Technique of the Week (November 1st, 2009)
Kyoshi Robert Mackay, Ueshiro Midtown Karate Dojo, NYC
Below is a re-work of some thoughts that were generated at the April 2009 Black Belt class in the Ueshiro Midtown Dojo. They are offered as a starting point for discussion, not as the "final word."
Thoughts on Sparing, Kata and Self Defense
Conventional wisdom often holds that kata and kumite are the core complementary elements of traditional karate training, the two pillars of the peaceful yet proficient warrior. Considering the controversy and confusion surrounding kumite, however, it may be more helpful to consider martial arts training through three separate skills: Sparing, Kata and Self defense.
While training in kata inevitably improves both free-style sparring and self defense skills, the opposite is NOT true. I.e., training in sparing will inhibit your self-defense skills and self-defense training will cause you to foul out in sport kumite.
The two-second pause between moves in kata does NOT work in free-style sparing because rules prohibit us from actually stunning our opponent. The stun / two-second pause / kill combinations in kata, however, DO work in self defense, especially if the two-second pause is used to optimize proper distance, foundation and commitment before delivering the final blow.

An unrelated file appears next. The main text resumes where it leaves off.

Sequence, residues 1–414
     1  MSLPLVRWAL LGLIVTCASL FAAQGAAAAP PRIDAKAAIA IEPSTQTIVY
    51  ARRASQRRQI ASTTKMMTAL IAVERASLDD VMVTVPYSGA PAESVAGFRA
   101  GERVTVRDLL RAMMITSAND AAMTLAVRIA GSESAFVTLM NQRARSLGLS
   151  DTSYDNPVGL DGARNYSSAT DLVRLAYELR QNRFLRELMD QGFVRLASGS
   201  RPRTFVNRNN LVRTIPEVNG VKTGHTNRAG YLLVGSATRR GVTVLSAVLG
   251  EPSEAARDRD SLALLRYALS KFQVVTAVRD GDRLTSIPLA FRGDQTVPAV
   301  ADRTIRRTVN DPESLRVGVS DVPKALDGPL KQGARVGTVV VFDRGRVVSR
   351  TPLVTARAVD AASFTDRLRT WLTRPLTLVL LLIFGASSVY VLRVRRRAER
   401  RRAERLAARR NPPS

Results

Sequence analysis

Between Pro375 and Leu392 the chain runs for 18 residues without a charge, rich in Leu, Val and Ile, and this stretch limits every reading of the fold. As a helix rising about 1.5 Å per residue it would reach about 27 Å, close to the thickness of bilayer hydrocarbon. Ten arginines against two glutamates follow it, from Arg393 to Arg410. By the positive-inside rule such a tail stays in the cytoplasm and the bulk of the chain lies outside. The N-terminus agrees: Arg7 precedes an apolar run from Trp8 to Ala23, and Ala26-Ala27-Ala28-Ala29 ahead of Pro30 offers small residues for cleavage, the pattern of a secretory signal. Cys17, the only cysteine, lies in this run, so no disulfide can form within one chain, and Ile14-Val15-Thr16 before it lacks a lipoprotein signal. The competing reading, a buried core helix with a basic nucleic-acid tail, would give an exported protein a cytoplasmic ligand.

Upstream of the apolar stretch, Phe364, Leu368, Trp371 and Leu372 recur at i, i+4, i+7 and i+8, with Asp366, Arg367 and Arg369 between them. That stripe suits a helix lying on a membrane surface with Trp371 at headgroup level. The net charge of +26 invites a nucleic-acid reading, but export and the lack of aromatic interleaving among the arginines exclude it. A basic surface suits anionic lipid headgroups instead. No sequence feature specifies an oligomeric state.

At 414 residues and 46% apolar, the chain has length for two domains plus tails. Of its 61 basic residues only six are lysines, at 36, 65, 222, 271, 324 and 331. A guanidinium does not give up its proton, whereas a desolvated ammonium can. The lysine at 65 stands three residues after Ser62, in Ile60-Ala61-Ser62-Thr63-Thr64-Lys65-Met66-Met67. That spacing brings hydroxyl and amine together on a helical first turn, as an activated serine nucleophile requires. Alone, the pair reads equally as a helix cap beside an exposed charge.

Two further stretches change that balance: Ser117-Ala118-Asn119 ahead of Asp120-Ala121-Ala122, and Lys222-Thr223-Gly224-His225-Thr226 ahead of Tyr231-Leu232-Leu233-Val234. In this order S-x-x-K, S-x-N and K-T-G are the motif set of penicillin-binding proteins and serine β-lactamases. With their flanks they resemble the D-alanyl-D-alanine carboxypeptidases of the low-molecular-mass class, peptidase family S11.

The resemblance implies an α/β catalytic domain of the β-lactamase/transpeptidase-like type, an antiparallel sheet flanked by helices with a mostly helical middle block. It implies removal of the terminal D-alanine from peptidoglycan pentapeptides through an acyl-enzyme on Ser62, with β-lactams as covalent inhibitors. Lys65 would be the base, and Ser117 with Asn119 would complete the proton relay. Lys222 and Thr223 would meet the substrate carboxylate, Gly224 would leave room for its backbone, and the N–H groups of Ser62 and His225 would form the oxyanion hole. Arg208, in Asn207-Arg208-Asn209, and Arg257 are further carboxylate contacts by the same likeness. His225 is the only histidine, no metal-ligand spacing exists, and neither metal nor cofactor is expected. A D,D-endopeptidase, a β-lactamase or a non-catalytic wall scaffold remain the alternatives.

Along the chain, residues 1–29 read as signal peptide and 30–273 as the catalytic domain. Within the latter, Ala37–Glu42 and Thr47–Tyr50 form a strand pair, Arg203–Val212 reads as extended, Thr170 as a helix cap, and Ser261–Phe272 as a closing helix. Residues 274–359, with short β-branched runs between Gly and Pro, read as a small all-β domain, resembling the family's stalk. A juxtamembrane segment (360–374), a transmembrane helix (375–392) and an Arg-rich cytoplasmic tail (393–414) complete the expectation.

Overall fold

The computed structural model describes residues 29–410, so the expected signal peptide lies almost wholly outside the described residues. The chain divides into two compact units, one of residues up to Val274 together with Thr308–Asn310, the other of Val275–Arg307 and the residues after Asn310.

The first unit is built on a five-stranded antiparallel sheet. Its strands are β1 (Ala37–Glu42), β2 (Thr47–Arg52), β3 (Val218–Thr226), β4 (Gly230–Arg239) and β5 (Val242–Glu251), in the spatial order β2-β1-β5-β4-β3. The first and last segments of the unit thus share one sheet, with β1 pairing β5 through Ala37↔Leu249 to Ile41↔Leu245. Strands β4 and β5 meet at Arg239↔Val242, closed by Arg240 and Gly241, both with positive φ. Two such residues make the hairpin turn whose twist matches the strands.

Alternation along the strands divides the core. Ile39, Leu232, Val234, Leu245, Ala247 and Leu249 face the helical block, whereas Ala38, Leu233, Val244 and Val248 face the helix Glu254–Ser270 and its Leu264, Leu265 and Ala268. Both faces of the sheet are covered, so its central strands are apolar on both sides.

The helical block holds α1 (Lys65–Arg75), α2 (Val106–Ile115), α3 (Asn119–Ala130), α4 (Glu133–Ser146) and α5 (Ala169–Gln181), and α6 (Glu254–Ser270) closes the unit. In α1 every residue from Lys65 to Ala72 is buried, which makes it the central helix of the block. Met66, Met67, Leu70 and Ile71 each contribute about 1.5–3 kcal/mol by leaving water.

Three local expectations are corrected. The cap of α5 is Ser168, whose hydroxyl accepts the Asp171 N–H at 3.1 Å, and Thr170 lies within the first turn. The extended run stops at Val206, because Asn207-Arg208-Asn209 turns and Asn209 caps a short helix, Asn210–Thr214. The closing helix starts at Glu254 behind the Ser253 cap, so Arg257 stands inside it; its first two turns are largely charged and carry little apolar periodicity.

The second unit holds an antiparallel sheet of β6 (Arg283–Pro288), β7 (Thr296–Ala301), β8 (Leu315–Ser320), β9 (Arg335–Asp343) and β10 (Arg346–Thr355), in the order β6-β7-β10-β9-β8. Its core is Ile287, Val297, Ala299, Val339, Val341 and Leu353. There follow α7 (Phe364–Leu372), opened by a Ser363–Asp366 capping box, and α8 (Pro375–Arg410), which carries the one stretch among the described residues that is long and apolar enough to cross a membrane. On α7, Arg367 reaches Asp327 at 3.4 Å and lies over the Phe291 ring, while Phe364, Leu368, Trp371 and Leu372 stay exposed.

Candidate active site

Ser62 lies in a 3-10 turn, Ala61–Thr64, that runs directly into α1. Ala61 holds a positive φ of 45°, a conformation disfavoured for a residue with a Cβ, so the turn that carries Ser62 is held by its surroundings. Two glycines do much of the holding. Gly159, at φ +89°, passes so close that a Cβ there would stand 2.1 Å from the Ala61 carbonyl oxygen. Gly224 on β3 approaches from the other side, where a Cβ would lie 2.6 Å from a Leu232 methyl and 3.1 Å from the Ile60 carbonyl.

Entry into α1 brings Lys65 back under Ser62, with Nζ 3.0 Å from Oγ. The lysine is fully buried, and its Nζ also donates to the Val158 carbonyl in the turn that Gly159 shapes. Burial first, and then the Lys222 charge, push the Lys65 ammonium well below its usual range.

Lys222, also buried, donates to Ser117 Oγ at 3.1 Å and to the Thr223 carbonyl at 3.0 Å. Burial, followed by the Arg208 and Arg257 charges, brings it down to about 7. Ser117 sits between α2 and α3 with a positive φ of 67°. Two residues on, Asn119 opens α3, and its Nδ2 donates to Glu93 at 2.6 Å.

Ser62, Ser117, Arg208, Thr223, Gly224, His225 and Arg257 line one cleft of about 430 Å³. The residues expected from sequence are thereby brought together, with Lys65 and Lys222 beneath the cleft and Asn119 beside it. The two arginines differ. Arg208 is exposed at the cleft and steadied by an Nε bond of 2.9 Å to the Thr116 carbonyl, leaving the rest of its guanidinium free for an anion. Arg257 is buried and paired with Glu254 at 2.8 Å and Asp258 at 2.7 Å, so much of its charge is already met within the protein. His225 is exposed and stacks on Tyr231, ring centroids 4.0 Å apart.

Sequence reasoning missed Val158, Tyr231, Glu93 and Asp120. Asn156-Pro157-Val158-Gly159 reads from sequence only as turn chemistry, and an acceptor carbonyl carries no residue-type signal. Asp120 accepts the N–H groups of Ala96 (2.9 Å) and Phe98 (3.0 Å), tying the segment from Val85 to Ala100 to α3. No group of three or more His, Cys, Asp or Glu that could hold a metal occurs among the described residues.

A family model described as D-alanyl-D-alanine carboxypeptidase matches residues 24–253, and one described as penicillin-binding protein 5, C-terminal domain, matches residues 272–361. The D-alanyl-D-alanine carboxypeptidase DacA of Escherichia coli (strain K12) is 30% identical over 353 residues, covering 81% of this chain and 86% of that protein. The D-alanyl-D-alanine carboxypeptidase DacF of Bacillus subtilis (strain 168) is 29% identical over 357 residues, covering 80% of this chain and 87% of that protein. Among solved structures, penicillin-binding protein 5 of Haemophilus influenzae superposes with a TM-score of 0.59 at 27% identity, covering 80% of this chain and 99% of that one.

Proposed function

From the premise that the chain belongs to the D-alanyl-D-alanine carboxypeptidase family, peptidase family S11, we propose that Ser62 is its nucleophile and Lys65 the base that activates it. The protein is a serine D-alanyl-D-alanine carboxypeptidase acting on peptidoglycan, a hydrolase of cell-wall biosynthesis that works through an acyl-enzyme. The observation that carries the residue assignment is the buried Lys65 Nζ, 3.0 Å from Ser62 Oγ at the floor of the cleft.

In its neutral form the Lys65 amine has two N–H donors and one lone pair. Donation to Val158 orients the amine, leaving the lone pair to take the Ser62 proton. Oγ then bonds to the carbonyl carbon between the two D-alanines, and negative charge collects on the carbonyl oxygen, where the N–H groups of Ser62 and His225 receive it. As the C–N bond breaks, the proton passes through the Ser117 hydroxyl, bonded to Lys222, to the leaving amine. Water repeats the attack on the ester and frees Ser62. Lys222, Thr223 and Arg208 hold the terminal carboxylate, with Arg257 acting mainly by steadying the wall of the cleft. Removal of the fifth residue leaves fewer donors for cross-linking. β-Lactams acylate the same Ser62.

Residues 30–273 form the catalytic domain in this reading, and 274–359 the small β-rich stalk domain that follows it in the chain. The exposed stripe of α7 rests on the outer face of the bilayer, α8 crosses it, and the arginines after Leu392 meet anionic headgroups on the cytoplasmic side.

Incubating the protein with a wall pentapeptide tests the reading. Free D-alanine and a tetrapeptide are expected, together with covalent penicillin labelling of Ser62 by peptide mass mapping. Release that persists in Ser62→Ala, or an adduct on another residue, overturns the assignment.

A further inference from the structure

The most effective ready position for ju-kumite is the notorious passive stance. It offers superficial protection of the torso and face against superficial attacks. Revealing one's willingness to fight is inconsequential since the entire premise of the match is to engage in a competition for points.
The most effective ready position for self-defense is the yoi position used in pre-arrange fighting, the pinan kata and gojushiho. It is extremely stable and communicates a willingness to hold one's ground. White belts and higher are equally comfortable using the stance to step back and defend as they are to move forward and strike. Keeping the hands lowered lulls the opponent into thinking we are unprepared or unwilling to defend ourselves. Most importantly, this ready position becomes engrained in us as the starting point for ending an altercation in a maximum of three moves, regardless of whether we attack first or defend.
The attached table highlights the substantial differences between sparring, kata and self-defense training.
All these concepts are elegantly described and illustrated with practical examples in Hanshi's Okinawan Karate Question and Answer Book and "Building Warrior Spirit with Gan, Soku, Tanden, Riki"